Storing Files Online

Mozy. Geocities. Webshots. File Factory. KeepMyFile.

Heard of any of these sites before? Those who have may be familiar with the new phenomenon called file hosting – essentially, a Web site that hosts personal files – consider them a life (or space) saver.

With the introduction of new gadgets such as mp3 players and digital cameras, finding storage to put them all in has left some stranded. Many products boast their capacity to take loads of pictures or save thousands of songs, but consumers have started to realize storage is a must when going beyond even the largest capacity.

In response, some Web sites are giving its customers the opportunity to truly have the ability to store thousands of pictures, songs, and documents – all for free or monthly fees costing no more than lunch. Since April,, which offers both free and paid services, now has over 100,000 customers according to Josh Coates, founder and CEO of the company.

A free subscription to the site garners 2 GB of free storage, which is the equivalent to two pick up trucks of written text. By paying a monthly fee of $4.95 per month, users can essentially save as many trucks of storage as they want.

Not all are impressed by file hosting sites and take a more reliable, though a more costly, route. Arts Village coordinator Gordon Ricketts chooses to save his photos to an extra hard drive rather than using the Internet.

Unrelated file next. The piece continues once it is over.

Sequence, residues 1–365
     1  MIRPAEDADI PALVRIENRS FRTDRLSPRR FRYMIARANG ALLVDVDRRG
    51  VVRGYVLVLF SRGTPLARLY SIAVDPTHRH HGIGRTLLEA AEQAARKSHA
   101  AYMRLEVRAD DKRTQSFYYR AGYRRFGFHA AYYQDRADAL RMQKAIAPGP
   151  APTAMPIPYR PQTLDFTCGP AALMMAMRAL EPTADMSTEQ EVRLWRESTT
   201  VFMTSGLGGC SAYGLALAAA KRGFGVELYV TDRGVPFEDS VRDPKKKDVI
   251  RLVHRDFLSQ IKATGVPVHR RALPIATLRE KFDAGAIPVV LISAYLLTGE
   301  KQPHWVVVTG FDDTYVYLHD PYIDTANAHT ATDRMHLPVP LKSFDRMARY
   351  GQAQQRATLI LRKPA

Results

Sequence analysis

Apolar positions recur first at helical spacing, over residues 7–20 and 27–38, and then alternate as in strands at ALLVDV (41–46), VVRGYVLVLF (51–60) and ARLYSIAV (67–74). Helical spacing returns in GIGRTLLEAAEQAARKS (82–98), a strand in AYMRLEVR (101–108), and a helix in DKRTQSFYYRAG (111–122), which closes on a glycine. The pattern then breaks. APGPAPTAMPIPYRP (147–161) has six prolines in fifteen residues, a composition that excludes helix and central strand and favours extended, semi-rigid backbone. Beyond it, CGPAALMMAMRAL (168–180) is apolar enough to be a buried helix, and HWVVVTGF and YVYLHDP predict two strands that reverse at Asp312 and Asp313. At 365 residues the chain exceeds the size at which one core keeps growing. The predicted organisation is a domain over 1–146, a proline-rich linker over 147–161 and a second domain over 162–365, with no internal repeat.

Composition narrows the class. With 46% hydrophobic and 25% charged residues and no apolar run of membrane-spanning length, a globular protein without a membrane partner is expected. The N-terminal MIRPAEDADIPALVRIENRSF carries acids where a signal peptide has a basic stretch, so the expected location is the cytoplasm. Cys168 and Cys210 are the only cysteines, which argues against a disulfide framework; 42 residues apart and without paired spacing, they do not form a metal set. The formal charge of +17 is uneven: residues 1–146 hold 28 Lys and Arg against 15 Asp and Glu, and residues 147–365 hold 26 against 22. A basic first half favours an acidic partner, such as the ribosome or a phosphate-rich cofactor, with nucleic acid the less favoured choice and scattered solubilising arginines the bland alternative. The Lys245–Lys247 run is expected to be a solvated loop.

“I don’t even have to save it myself,” he said, referring to his plethora of files. “This [hard drive] does it all for me.”

Aside from recreational use, these sites provide a practical means for students to save important information. Working on a research paper? Saving it to a file hosting site not only relieves your computer of wanted memory space, but also protects your files against mishaps such as computer or flash drive theft.

“What we do at is provide a very simple and secure way to back up people’s computer files,” says Devin Knighton, public relations manager at Berkeley Data Systems-Mozy.

“Mozy allows for up to 30 days of unlimited versions of files, and also allows a restore,” he said, while highlighting the advantages of a site such as this for the average college student. Essentially, 10 copies of the same tweaked paper can be changed again, deleted, and restored.

Josh Smith, freshman, appreciates the ease and security of using sites that allow file hosting.

“I left my flash somewhere and was having computer troubles, and if I didn’t have sites that host my stuff I would have had to write my paper all over again,” he said.

Students without the benefit of expensive extra hardware can take full advantage of file hosting sites, which Knighton says are essentially “external hard drives stuck in the Internet cloud.”

Got lots of files taking up space and looking for a financially comfortable place to save – and protect – extra files? File hosting sites may be your best bet.